In physics and other fields, an individual’s work is argued and reasoned from the position of First Principles. By using this mental model, an individual constructs their thought process from established foundational truths, not from assumptions or analogies. Entrepreneur, investor and engineer, Elon Musk, shares an example of this during an interview not long ago:
For those of you who skipped the video, first principles logic can be summed up like this: Rather than drawing conclusions or reasoning by analogy, first principles thinking is about breaking down a problem or idea to its fundamental truths, and then reasoning up from there to make decisions. In the video, Musk explains how he used first principles—versus others’ beliefs and opinions—to dissect the pricing landscape and viability of car batteries.
First principles thinking extends beyond the realm of physics; professionals in other fields like business and technology are adopting this framework to breakdown complex problems and drive innovation. This struck a chord in me, as I’m always looking for new ways to augment my own design process. So, here’s what I’ve learned about first principles and how they apply to design:
As a UX designer, it doesn’t matter how well you can maintain control of a meeting. There’s an inevitable future where you’re in a room with your team and it turns into a design by committee quagmire. You’re having a healthy discussion considering many possible solutions for a problem, but it has gone on too long. And then, just like young Bruce Wayne toppling into a dark, dingy well, your user’s core needs are lost. Suddenly, you find yourself in a pit where everyone asks, “How did we get here?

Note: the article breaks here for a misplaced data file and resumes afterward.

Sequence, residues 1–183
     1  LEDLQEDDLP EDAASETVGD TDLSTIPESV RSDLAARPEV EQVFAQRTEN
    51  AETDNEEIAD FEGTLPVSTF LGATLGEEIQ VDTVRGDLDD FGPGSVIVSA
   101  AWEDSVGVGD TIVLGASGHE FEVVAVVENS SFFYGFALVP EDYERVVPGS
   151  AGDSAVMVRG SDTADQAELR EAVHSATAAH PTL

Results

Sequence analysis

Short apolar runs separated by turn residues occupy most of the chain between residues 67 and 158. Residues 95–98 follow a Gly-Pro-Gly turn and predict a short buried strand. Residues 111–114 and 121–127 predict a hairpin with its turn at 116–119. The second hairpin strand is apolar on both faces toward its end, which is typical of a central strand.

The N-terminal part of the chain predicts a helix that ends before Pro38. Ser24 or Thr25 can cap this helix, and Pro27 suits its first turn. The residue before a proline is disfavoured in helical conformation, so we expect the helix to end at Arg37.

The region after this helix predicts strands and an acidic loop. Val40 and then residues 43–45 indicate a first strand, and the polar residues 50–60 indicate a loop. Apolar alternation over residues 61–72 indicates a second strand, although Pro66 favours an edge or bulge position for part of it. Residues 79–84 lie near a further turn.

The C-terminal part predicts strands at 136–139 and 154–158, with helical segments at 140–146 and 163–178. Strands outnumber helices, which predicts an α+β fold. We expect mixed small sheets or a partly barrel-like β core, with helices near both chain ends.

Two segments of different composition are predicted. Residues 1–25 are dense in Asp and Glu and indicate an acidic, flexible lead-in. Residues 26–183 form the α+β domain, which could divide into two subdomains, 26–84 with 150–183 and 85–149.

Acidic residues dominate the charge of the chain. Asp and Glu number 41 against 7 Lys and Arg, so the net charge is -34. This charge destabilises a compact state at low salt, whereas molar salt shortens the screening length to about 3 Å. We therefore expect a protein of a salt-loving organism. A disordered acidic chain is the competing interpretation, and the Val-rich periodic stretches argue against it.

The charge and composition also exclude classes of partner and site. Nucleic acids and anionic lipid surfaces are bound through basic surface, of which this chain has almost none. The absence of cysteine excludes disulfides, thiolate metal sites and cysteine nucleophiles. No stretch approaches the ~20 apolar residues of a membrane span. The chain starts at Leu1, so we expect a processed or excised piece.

In addition to that scenario, there’s a multitude of other digressions that may occur during the design process:
You get the picture, right?
When we see these issues occur, there are already ways for us to handle them. A typical and time-consuming solution is to fall back on what we’ve done before because it’s safe. Another is to point at collected data and say, “Well, the user said this.” But sometimes what the user says and what you learn during testing don’t coalesce.
But just like Bruce Wayne, you can pick yourself back up with first principles logic.
Looking at Instagram, we could easily extract some foundational truths without even talking to users. Doing this allows us to look at various features of Instagram, analyze them using first principles logic and work our way up to rationalize their existence.
For example, let’s say someone says, “Enabling users to upload pictures through the UI is a terrible idea!”
Calmly, you identify first principles:
Therefore, Instagram should enable users to upload pictures from these devices.
If you bring this concept into your thought process or use it as a normal exercise with others, it helps tremendously. When applied to scenarios where there is too much gray area, opinions, muddied waters or a solution to a problem is overreaching — it should serve you well.
Unravel complexity. Clarify ambiguity. Fight ignorance.
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